Woman accidentally smashes Jeff Koons ‘balloon dog’ art piece worth $42,000

An art exhibition visitor got a shock when she accidentally knocked over a Jeff Koons piece worth $42,000 (£34,870).

Koons is a painter and sculptor who is known for creating art that takes inspiration from everyday objects.

Some of his most notable work includes a series of brightly coloured glass balloon animals.

On Thursday (16 February), one of the fragile sculptures was on display at a VIP preview at Art Wynwood in Miami.

According to witnesses at the scene, the curious visitor tapped the sculpture with her finger. It is thought by some that she poked it in order to see whether it was a real balloon.

Then, the statue fell off its pedestal and smashed into pieces on the ground, to the horror of all present. A short while later, gallery staff swept the shards up.

“I saw this woman was there, and she was tapping (the sculpture), and then the thing fell over and shattered into thousands of pieces,” the artist Stephen Gamson told a Fox News affiliate in the Florida city.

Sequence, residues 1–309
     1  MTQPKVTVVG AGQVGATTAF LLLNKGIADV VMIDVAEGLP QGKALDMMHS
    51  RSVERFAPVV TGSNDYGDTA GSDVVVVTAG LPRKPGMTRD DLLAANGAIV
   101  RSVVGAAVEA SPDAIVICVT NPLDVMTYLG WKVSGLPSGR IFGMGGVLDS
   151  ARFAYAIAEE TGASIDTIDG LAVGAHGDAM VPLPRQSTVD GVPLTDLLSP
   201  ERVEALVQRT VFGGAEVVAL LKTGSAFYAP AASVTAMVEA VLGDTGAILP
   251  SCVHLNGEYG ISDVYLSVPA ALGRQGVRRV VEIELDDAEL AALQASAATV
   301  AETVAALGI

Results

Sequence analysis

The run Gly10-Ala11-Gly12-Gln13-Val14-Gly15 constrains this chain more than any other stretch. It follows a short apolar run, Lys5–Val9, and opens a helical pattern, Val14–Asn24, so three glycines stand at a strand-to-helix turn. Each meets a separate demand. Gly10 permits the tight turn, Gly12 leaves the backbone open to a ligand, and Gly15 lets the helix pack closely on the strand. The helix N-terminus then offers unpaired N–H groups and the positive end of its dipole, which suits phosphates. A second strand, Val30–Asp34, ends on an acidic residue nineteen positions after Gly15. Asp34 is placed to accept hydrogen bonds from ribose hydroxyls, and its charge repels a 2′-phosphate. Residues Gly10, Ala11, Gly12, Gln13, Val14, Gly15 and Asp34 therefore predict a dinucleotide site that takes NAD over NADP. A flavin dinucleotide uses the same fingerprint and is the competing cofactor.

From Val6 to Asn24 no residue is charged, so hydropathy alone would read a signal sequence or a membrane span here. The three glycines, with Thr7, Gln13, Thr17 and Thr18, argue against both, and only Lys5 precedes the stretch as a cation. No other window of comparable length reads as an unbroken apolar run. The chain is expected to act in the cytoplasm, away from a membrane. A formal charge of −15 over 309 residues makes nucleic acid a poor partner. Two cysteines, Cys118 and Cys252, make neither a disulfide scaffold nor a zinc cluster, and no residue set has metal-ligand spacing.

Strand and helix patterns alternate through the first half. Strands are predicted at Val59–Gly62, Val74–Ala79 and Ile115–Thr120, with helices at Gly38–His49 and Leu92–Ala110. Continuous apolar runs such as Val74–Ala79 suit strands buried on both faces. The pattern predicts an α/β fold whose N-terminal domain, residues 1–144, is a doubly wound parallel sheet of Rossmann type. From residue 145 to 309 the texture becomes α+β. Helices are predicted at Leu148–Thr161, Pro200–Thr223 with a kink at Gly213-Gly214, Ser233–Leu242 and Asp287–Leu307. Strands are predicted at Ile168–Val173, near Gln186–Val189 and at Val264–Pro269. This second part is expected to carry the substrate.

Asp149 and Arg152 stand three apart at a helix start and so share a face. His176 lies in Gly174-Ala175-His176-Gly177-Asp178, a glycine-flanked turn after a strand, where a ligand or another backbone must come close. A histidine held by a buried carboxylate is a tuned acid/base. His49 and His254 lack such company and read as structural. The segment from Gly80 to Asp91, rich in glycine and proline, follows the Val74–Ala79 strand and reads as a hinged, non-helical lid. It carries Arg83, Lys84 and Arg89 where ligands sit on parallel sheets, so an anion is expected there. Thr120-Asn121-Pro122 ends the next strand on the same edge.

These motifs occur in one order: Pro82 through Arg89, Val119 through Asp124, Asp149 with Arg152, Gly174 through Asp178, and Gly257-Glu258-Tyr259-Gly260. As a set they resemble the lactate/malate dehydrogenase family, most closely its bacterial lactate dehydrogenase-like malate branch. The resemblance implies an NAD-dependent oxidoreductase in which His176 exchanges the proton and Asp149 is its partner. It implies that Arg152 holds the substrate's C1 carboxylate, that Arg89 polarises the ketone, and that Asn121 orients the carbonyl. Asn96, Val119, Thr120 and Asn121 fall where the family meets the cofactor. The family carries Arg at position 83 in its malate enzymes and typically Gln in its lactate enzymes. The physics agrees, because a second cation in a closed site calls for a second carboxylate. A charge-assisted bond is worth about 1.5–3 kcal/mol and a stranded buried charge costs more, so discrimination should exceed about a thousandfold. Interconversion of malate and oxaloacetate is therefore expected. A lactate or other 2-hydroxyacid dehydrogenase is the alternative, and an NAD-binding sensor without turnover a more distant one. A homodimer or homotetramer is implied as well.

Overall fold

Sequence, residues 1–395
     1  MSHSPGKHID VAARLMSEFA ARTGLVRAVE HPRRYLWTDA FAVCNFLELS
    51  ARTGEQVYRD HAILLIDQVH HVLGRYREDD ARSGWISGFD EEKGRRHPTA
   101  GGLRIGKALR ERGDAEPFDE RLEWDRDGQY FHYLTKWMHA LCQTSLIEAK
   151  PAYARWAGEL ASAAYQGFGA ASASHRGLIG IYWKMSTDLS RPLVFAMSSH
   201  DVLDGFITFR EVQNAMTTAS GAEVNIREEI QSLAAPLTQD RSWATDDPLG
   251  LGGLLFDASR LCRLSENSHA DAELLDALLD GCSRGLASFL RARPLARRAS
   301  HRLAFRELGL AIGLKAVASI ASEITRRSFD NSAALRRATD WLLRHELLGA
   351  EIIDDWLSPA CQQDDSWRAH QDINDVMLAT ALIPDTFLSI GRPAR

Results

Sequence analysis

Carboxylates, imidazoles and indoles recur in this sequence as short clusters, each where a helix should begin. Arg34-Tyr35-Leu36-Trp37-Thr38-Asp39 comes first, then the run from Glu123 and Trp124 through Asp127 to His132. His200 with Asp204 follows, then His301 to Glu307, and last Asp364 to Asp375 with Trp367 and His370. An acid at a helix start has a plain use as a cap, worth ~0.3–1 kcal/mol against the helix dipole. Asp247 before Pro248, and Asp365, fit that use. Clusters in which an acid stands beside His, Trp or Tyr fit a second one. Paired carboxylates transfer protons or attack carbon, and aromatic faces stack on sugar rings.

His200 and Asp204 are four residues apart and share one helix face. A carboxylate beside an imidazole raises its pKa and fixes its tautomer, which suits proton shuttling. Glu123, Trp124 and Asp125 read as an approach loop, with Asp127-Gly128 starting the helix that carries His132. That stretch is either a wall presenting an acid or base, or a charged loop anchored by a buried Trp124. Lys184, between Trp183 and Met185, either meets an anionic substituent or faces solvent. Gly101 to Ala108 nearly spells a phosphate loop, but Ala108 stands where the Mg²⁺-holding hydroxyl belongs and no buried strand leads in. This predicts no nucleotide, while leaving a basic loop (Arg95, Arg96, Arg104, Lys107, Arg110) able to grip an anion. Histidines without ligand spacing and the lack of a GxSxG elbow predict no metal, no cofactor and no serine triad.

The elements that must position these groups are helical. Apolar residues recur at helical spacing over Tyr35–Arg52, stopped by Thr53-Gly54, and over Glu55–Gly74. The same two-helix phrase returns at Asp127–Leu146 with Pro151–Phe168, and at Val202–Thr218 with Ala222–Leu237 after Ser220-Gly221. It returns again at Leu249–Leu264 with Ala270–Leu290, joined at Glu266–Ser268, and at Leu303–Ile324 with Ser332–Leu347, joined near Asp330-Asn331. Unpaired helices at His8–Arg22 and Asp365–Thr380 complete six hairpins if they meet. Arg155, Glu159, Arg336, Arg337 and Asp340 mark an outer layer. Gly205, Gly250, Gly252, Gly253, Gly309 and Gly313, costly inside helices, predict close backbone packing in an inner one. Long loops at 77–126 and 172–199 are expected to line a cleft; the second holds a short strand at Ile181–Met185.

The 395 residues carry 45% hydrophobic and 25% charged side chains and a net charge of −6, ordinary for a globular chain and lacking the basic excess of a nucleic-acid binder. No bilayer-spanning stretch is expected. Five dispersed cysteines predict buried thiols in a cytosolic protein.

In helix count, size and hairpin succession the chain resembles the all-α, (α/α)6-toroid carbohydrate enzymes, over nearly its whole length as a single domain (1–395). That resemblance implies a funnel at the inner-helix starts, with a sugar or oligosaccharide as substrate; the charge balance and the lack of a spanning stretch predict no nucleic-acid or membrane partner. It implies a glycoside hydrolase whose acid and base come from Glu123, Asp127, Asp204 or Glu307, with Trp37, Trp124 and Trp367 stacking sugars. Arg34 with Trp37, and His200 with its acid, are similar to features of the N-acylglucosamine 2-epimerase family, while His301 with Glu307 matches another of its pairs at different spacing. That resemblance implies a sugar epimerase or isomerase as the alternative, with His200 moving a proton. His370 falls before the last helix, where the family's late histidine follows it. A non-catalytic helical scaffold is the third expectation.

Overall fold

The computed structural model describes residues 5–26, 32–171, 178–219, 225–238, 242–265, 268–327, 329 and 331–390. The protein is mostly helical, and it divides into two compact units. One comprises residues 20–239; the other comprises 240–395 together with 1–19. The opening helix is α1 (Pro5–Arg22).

However, the unnamed woman, who is an art collector, will not have to pay the cost of the artwork.

One of Jeff Koons’ balloon dogs, on display at the London Art Fair in 2018 (PA)
One of Jeff Koons’ balloon dogs, on display at the London Art Fair in 2018 (PA)

Bénédicte Caluch, an art adviser with Bel-Air Fine Art, which sponsored the Koons piece, told the Miami Herald that the breakage was accidental and that insurance would cover the damage.

“It was an event!” Caluch told the newspaper, adding: “Everybody came to see what happened.”

Commenting to the New York Times, Cédric Boero, another associate of Bel-Air Fine Art galleries, said that the incident had the attention of all people at the event.

“Life just stopped for 15 minutes with everyone around,” he explained.

Boero also shared that the woman had told a colleague that she was “very very sorry” and “just wanted to disappear”.

The limited edition collection, which was previously made of 799 pieces, now stands as 798 following the accident.

“That’s a good thing for the collectors,” an amused Boero continued to the Times.